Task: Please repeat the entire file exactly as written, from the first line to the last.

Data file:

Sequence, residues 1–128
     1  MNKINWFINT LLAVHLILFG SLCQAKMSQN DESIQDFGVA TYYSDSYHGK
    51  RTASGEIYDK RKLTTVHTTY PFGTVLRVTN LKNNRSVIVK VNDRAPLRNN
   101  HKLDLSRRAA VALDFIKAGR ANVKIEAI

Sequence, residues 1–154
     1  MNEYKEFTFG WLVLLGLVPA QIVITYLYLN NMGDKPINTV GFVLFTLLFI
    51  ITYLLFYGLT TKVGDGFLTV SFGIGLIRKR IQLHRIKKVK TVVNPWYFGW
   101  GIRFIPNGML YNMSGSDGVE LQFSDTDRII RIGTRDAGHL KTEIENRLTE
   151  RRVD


Sequence, residues 1–128
     1  MNKINWFINT LLAVHLILFG SLCQAKMSQN DESIQDFGVA TYYSDSYHGK
    51  RTASGEIYDK RKLTTVHTTY PFGTVLRVTN LKNNRSVIVK VNDRAPLRNN
   101  HKLDLSRRAA VALDFIKAGR ANVKIEAI

Sequence, residues 1–154
     1  MNEYKEFTFG WLVLLGLVPA QIVITYLYLN NMGDKPINTV GFVLFTLLFI
    51  ITYLLFYGLT TKVGDGFLTV SFGIGLIRKR IQLHRIKKVK TVVNPWYFGW
   101  GIRFIPNGML YNMSGSDGVE LQFSDTDRII RIGTRDAGHL KTEIENRLTE
   151  RRVD